More seriously, Bill Moyers had a great interview this week with Andrew Bacevich. It’s better to see it than read the transcript, and the quote that follows isn’t the part the made it so compelling, but I’ll just throw in one bit, because it relates to earlier posts here and here: Moyers asks about GHW Bush’s 1992 pledge that the “the American way of life” is not up for negotiation, and Bacevich replies most Americans would concur, but: “If you want to preserve that which you value most in the American way of life, then we need to change the American way of life. We need to modify that which may be peripheral, in order to preserve that which is at the center of what we value.” I believe you can watch the whole interview here. …

Much less seriously, I meant to mention this earlier but I don’t think I ever did: Andrew Andrew keep mentioning this site, The Impulsive Buy. I’d heard of it before (and maybe you have too) but only recently actually checked it out, and it’s pretty entertaining. …

Marginal Utility contemplates “wrongness” — that is, “purposeful attempts to alienate an audience through a kind of puerile repetition or offensiveness that on its face contains no politically subversive content.” Possibly relevant to recent-ish discussions on this site of MySpace and other unappealing aesthetics. Either way, worth a read. …

Here’s an interesting post on The Consumer Trap, that questions the use of words like “consumer” and “consumption.” Michael Dawson writes: “Usefulness, pleasure, longevity, and cost minimization are our normal goals as product users. Consumption, the final using up of a product, is almost never our intention.” I thought this was an interesting framework. Do we think of consumption as happening at the moment of purchase? Or at the final-using-up of a product? …

Sabrina Gshwandtner, in American Craft, writes about “many long-standing DIYers” who “feel that craft fairs are now, for better or worse, a hybrid mix of straightforward commercialism and viable counterculture practice.” Etsy, too. Or maybe Etsy even more so. …

Core77 points to an excellent video comparing iPhone in adland vs. iPhone in real life. Ouch!

Funny deconstruction of some weird Burger King place mats on Idea-Sandbox. I’d missed this earlier, but I guess it’s made the rounds. If you missed it … well, check it out. (Thx: B.A.) …

Coudal points to an anti-bottled-water video. I actually hate it: It’s everything that’s wrong with “cause” marketing, shrill, insulting, lecturey, overlong, and smug. But for a good cause! And maybe you’ll disagree. …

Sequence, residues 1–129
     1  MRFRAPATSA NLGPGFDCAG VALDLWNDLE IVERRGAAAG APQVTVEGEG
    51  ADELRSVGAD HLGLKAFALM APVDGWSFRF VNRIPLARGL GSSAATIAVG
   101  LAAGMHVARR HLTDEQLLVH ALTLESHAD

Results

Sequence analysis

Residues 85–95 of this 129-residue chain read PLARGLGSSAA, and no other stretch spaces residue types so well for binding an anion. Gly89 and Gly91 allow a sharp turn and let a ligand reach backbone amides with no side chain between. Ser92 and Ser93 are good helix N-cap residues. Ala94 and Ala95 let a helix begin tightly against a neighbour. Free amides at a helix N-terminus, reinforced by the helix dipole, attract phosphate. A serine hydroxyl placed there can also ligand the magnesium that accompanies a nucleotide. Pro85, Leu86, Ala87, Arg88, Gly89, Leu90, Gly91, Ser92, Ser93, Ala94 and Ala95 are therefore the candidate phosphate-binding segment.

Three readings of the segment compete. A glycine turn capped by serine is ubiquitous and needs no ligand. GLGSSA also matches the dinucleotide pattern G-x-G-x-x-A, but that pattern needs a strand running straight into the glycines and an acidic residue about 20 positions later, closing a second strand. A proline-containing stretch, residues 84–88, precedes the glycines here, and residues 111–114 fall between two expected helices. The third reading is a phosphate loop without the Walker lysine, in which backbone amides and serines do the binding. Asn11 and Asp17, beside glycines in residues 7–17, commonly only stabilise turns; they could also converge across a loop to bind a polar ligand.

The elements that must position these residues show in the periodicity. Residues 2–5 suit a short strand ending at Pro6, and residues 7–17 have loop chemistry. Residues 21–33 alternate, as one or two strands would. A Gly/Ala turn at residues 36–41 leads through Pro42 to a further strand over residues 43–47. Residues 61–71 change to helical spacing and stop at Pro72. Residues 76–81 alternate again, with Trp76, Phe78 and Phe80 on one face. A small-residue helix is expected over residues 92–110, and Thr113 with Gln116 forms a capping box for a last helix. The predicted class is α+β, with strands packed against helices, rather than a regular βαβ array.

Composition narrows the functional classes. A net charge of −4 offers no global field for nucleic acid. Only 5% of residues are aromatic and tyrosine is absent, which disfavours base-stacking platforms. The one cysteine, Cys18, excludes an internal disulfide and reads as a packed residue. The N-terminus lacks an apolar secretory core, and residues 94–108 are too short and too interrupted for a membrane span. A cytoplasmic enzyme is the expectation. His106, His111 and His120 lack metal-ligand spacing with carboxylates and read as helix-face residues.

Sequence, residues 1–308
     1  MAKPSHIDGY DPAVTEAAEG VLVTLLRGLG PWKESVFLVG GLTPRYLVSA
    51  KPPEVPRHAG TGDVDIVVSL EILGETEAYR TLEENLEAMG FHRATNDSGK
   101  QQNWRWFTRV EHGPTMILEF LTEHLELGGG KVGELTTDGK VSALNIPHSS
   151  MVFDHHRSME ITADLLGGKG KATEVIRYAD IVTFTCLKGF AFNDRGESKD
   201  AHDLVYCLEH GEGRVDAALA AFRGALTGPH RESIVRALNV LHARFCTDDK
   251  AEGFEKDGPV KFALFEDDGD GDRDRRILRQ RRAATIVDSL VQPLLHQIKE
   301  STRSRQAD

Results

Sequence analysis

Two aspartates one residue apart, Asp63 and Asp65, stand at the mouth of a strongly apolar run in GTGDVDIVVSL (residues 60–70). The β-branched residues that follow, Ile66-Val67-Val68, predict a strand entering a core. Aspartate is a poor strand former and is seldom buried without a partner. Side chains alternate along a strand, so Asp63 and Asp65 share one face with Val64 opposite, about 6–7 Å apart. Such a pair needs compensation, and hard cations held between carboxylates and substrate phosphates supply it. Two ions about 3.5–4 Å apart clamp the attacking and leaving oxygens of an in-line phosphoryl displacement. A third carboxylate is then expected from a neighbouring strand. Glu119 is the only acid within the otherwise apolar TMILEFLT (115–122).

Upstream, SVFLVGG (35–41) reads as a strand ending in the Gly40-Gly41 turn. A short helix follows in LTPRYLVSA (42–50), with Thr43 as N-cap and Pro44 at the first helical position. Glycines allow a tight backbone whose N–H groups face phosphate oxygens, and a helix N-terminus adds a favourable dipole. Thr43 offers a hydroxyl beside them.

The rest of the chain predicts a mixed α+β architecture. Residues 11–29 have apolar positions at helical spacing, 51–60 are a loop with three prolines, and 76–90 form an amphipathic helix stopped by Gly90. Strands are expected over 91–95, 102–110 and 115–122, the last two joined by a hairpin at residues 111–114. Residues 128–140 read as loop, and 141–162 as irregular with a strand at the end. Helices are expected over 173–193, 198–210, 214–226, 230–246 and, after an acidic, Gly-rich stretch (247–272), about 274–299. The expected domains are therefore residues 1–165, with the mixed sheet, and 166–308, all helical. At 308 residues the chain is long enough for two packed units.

AntiFriday: Weekly compendium of backlashes, dissent & critiques

NYT story looks at the role that ad campaigns played in making debt (home equity loans) ets., less scary to consumers; ad execs now say ” society’s attitudes about debt shaped the ads, not the other way around,” but I bet they didn’t say that in pitch meetings ….

The Wall Street Journal recounts The Olive Garden’s “mixed feelings” about “rogue brand ambassador” and Hugh Heffner harem member Kendra Willkinson; traffic-hungry blogs pile on ….

In survey, 73% say Starbucks coffee is too expensive ….

Living Oprah, blog of 35-year-old artist, performer and writer in Chicago: “For one year, I will live as Oprah advises…. Additionally, I’ll be charting the cost of living as Oprah prescribes. Will the costs — financial, time spent, energy expended — be worth the result?”  …

Report “focuses on methods of advertising food to kids [via] spreading messages through social networks, and urges lawmakers to restrict junk food advertising to kids online” (via Commercial Alert) …

Anti Advertising agency on plan to limit outdoor advertising (removing 40k billboards) in Buenos Aires….

A political ad making fun of Barack Obama uses the Jackson Browne song “Running On Empty,” and Browne, “incensed,” is suing. …

Shell newspaper ads in the U.K. describing oil-exploration and refining projects as sustainable-energy initiatives spark complaints from World Wildlife Federation, and Britain’s ad-watchdog agency forces the company to withdraw them …

Amusing yet earnest video by Municipal Arts Society about news racks around NYC in clear violation of various laws …

AntiFriday: Bono-hating; Converse murketing; etc.